The restrictions on wind tower installation in suburban and urban environments makes photovoltaics a better longer term bet for local generation using renewable energy sources. But photovoltaics still cost much more than wind and utility power. For people living in rural areas home wind power could become pretty popular. It will deliver power even in the short days of winter when photovoltaics will deliver less electricity. Also, it will complement solar even in the summer by delivering some power at night.

Share |      Randall Parker, 2006 November 26 10:55 AM  Energy Wind

Tom Wright said at November 27, 2006 6:58 AM:

The last is a very important point. As intermittent generators like sun and wind proliferate, places for storing the energy will be a growing market. One such is hybrid car batteries, another is all-battery cars like the Tesla. Copious sun and steady wind are not necessarily available where people live, but where they are available, ways of storing that electricity or other energy form will be offered. As improved storage is developed, sun and wind can be had in otherwise inhospitable places and the energy shipped to where it is used.

As the storage market develops, it will make the intermittent generators more useful. One I expect to see is the large open parking lot becoming a solar farm. Mounting panels as a roof means the lot first of all earns money empty. Second, it earns money on empty spaces while also on filled. Third, it can sell power at a markup over the sell-back rate, directly to hybrid and electric car owners. These owners would pay less for charge-up than at home, and the power seller would make more than what the utility pays.

Bobby said at November 27, 2006 7:57 PM:

Mr Wright is right i live in west texas wind energy is growing by heaps and bounds,west texas is the 5th largest country producing wind energy,But we need a way to transmitt or store that energy.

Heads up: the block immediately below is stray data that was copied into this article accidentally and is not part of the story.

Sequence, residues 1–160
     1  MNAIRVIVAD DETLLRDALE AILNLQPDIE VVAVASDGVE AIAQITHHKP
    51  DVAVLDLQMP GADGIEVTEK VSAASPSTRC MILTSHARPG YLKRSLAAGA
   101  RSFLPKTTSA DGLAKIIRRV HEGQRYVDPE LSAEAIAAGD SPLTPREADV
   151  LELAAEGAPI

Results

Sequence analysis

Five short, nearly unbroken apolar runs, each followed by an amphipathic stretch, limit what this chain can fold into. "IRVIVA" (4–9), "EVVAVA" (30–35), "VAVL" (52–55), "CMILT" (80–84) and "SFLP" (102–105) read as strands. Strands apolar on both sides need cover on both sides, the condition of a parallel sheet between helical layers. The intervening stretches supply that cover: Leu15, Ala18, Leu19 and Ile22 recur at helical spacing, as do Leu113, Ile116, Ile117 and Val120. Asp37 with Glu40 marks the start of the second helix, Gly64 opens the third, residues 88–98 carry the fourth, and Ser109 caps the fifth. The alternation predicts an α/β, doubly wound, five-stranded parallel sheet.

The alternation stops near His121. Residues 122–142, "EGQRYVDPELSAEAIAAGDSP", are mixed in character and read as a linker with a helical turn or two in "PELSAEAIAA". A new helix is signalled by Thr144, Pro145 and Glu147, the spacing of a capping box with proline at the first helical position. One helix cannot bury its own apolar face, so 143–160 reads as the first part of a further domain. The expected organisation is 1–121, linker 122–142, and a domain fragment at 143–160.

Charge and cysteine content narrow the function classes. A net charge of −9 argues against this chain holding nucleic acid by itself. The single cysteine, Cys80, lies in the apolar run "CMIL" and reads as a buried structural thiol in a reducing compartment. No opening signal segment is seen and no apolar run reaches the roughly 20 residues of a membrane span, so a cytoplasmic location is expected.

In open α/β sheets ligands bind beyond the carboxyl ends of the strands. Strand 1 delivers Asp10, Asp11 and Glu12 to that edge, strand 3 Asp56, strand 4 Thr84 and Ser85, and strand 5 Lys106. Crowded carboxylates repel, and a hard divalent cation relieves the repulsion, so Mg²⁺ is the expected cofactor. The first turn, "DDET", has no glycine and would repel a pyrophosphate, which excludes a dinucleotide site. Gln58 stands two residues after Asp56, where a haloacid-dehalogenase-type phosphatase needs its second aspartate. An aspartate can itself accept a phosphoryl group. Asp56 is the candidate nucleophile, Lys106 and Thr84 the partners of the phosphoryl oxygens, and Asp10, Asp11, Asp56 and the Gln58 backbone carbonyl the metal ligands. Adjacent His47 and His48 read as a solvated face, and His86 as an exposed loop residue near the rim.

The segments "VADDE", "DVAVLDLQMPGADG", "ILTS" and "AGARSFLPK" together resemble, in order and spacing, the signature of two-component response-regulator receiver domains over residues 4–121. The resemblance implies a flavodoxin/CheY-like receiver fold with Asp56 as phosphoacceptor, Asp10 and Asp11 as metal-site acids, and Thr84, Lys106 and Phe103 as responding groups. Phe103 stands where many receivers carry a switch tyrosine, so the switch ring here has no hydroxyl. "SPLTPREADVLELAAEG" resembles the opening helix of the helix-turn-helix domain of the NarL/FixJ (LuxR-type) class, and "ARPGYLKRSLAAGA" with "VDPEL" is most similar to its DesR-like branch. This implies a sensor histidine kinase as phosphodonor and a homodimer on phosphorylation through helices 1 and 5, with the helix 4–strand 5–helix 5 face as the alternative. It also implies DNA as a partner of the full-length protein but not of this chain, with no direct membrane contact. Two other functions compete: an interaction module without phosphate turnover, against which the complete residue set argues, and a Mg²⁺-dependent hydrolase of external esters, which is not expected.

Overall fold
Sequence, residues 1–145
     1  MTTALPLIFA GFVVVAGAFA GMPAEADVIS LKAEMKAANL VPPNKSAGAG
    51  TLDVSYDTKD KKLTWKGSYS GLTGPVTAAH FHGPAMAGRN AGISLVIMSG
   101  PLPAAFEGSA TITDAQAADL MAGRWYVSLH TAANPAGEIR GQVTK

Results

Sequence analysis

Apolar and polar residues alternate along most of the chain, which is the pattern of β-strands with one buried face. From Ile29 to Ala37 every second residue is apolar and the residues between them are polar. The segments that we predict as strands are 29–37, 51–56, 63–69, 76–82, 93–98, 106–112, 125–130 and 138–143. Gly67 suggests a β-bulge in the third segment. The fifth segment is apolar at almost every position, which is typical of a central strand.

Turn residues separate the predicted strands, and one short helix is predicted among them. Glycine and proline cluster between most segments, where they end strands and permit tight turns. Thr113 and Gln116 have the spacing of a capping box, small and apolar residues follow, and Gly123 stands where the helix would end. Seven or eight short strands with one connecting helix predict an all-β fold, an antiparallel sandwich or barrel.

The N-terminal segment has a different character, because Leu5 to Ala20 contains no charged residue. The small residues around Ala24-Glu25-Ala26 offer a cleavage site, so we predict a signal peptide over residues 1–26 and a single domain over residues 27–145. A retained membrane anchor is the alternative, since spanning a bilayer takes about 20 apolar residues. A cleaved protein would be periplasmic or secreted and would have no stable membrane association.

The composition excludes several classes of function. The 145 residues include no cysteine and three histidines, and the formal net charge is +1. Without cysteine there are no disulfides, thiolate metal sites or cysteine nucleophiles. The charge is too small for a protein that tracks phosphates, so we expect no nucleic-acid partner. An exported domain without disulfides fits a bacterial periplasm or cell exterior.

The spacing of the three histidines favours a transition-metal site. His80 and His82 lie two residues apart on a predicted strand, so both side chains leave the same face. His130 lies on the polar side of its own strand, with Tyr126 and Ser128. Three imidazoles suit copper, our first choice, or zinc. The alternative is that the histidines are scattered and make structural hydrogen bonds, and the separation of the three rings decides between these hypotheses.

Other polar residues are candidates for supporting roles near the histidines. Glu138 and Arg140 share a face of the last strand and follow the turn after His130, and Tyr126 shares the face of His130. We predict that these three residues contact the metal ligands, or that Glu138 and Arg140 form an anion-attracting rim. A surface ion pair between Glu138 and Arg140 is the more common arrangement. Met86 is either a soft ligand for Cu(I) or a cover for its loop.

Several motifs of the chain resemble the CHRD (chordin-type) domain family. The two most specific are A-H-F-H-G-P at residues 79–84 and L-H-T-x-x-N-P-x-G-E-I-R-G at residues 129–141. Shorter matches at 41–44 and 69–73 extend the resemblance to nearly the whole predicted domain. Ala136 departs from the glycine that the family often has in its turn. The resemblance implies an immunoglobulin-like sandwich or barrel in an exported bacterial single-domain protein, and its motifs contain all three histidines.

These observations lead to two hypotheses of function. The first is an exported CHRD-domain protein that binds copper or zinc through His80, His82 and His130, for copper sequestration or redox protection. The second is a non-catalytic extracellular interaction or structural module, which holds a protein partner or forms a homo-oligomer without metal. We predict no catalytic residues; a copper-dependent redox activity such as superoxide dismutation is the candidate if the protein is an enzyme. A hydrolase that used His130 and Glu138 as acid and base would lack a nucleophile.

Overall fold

Bobby coleman
Big Country Weather-

Randall Parker said at November 27, 2006 8:53 PM:

Tom Wright,

I can think of many ways to use sporadically available energy as long as the energy is substantially cheaper than consistently available energy. For example:

1) Water pumping. Move water into towers and along aqueducts when the electricity is cheap. This requires more pump capacity since much of the time pumps won't be running. Even some irrigation can be done any time of the day and just needs to average out to the desired amount. But again, it then requires bigger pumps to move more when the electric is cheap.

2) Water heating. Imagine a water heater with 3 or 4 compartments. Heat one compartment when the wind is blowing, and then heat another if it continues to blow, and so on. Use all the water from one hot compartment before moving on to another hot compartment. If the wind starts blowing them start heating up yet another compartment's water. This requires more insulation and more containers of water. So the energy cost has to be much lower when the wind is blowing, not just slightly lower.